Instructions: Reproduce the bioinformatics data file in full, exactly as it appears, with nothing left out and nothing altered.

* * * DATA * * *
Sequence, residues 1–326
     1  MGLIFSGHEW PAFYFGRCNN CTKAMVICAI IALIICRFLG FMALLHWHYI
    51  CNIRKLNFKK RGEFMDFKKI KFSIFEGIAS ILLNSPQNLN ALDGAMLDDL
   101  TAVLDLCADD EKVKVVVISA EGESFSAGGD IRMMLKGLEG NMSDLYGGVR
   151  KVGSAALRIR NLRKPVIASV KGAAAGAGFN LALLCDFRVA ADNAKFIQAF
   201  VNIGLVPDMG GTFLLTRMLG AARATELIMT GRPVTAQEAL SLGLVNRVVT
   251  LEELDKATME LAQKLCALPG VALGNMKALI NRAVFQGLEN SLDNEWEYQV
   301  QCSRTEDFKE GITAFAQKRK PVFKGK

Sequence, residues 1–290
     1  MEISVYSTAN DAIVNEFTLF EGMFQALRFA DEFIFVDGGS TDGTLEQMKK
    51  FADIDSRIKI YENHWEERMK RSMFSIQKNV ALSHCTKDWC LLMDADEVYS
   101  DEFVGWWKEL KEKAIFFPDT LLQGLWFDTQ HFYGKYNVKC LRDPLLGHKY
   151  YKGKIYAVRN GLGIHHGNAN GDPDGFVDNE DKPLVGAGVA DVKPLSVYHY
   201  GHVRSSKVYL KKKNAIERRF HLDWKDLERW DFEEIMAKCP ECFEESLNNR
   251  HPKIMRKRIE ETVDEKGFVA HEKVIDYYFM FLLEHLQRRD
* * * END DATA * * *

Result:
Sequence, residues 1–326
     1  MGLIFSGHEW PAFYFGRCNN CTKAMVICAI IALIICRFLG FMALLHWHYI
    51  CNIRKLNFKK RGEFMDFKKI KFSIFEGIAS ILLNSPQNLN ALDGAMLDDL
   101  TAVLDLCADD EKVKVVVISA EGESFSAGGD IRMMLKGLEG NMSDLYGGVR
   151  KVGSAALRIR NLRKPVIASV KGAAAGAGFN LALLCDFRVA ADNAKFIQAF
   201  VNIGLVPDMG GTFLLTRMLG AARATELIMT GRPVTAQEAL SLGLVNRVVT
   251  LEELDKATME LAQKLCALPG VALGNMKALI NRAVFQGLEN SLDNEWEYQV
   301  QCSRTEDFKE GITAFAQKRK PVFKGK

Sequence, residues 1–290
     1  MEISVYSTAN DAIVNEFTLF EGMFQALRFA DEFIFVDGGS TDGTLEQMKK
    51  FADIDSRIKI YENHWEERMK RSMFSIQKNV ALSHCTKDWC LLMDADEVYS
   101  DEFVGWWKEL KEKAIFFPDT LLQGLWFDTQ HFYGKYNVKC LRDPLLGHKY
   151  YKGKIYAVRN GLGIHHGNAN GDPDGFVDNE DKPLVGAGVA DVKPLSVYHY
   201  GHVRSSKVYL KKKNAIERRF HLDWKDLERW DFEEIMAKCP ECFEESLNNR
   251  HPKIMRKRIE ETVDEKGFVA HEKVIDYYFM FLLEHLQRRD